Mississippi lawmakers dealt a defeat to the state’s Southern Baptists, voting Monday to allow floating casinos damaged by Hurricane Katrina to rebuild up to 800 feet inland.
“We think it’s a sad day in <?xml:namespace prefix = st1 ns = “urn:schemas-microsoft-com:office:smarttags” />Mississippi when money is placed over morality,” William Perkins, editor of the The Baptist Record, said in the Associated Press. “The Bible says you can’t serve two masters–God and money. You’ll hate one and love the other. We believe the vote today proved that Mississippi does love money.” <?xml:namespace prefix = o ns = “urn:schemas-microsoft-com:office:office” />
The Mississippi Baptist Convention, the state’s largest religious group, marshaled forces with the Tupelo-based American Family Association to urge legislators to block a change allowing existing casinos, which currently can be built only over waters of the Mississippi River or the Gulf of Mexico, to be moved onshore.
The change, approved 60-53 by the House late Friday and by the Senate Monday 29-21, was put on the agenda of a special session by Gov. Haley Barbour. Most of 13 casinos destroyed by Katrina were waiting on the outcome before deciding whether to rebuild, saying investing in floating barges isn’t worth the risk.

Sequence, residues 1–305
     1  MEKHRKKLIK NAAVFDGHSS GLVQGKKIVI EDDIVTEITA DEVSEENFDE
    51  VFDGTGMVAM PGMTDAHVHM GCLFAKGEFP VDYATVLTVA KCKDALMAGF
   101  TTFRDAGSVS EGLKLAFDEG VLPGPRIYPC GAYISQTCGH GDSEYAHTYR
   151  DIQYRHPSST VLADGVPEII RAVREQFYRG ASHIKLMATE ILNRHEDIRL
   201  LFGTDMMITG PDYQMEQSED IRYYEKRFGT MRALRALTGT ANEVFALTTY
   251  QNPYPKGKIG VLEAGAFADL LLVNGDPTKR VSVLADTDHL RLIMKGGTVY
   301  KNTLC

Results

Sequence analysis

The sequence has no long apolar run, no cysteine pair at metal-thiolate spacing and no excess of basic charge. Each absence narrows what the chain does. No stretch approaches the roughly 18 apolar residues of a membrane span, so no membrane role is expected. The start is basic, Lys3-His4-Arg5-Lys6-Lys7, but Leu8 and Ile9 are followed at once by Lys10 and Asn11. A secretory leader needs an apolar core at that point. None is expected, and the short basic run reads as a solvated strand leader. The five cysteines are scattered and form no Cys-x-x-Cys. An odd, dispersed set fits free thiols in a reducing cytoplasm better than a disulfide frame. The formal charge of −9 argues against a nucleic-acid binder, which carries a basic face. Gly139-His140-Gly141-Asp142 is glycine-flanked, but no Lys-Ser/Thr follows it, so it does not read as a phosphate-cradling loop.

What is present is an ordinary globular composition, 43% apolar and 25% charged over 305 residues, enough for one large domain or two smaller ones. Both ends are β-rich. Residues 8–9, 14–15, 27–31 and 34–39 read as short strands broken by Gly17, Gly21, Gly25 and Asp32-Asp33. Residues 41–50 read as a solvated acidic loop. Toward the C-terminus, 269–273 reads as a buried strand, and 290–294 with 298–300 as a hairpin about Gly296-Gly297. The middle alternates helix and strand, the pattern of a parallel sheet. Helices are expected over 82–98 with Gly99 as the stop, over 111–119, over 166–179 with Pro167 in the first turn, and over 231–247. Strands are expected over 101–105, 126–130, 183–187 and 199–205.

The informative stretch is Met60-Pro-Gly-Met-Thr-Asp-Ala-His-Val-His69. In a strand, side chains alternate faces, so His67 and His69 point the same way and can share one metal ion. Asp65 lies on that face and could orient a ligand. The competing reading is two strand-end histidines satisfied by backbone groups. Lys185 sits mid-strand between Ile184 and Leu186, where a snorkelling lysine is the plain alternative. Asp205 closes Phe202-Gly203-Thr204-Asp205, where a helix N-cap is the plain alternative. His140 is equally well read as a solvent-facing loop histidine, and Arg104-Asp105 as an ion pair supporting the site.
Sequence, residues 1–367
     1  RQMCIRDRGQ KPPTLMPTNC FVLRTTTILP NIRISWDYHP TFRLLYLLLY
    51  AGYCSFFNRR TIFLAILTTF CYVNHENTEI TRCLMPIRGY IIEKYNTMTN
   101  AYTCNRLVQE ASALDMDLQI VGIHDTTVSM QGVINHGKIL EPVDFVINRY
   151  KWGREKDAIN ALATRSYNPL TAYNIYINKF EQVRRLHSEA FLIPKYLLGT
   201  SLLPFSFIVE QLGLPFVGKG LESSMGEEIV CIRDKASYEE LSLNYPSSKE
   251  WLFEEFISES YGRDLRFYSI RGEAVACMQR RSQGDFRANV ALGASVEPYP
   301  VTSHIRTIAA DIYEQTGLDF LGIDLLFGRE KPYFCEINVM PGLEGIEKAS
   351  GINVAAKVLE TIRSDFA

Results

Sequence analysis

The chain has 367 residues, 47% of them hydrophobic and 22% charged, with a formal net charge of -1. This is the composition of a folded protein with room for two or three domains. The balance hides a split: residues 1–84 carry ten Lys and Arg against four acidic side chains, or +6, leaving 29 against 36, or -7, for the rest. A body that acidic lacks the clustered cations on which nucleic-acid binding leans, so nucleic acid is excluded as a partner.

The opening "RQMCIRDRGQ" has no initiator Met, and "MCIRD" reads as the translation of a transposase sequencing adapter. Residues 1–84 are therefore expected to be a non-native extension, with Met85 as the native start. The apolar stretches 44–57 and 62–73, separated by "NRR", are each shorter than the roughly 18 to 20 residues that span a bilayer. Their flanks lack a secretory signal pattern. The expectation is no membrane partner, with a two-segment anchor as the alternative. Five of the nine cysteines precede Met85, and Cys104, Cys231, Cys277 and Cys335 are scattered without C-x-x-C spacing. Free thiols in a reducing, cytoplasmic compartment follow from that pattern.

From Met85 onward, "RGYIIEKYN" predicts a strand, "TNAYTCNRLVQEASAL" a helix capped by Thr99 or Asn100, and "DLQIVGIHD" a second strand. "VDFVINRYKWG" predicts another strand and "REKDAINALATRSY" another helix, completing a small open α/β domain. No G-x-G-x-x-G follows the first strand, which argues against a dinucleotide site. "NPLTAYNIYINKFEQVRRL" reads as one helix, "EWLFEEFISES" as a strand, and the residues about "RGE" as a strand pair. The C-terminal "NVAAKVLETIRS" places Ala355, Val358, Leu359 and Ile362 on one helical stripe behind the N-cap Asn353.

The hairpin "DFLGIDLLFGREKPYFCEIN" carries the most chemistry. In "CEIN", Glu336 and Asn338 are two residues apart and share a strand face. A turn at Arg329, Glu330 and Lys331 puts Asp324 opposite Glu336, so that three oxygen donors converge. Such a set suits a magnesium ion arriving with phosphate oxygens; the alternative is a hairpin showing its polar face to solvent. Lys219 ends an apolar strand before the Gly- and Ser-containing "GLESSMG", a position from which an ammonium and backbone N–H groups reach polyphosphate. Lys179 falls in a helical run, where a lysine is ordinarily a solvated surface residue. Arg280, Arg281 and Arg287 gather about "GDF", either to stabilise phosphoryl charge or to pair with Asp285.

“Mississippi Baptists have been opposed to legalized gambling from the start, and each of us should be willing to contact our individual legislators before the September 27 special session to let them know how we feel about the ever-expanding influence of the gambling/political complex in Mississippi,” Perkins wrote earlier.
That prompted a response from columnist in the Jackson Clarion-Ledger, noting that Baptists dominated the Legislature when it first legalized gaming back in 1990. Of the 174-member Legislature in 1990, 51 percent identified themselves as Baptists, observed columnist Sid Salter.
Trying to stop casinos, which employ 15,000 Mississippi residents, from rebuilding, “is like a church fighting to stop a grocery store destroyed by a tornado from rebuilding because it sells beer,” Salter wrote.
Perkins shot back that the vote 15 years ago to legalize gambling has no bearing on the current situation.
“We fail to understand what a 15-year-old vote has to do with the year 2005,” Perkins said, quoted by Agape Press. “The newspaper for which Mr. Salter works … was once considered one of the most racist papers in the nation, if not the most racist. So … every time they have an article that has anything to do with race, perhaps we should point out their well-documented history of racism.”
In a follow-up column, Salter acknowledged that the 2005 lawmakers passed their bill closer to party lines. In the Senate, 15 Baptists voted against the bill, while 13 voted in favor of it.
He also noted that religious opponents of gambling found some strange allies. Some casinos were opposing an original proposal to move casinos in 1,500 feet, because they feared it would give an advantage to a competitor.
“In that scenario, the political battle became like that of churches and bootleggers being on the same side of local-option liquor elections in upstate counties,” Salter wrote. “When so-called ‘sin taxes’ are involved, strange bedfellows follow.”
Bob Allen is managing editor of EthicsDaily.com.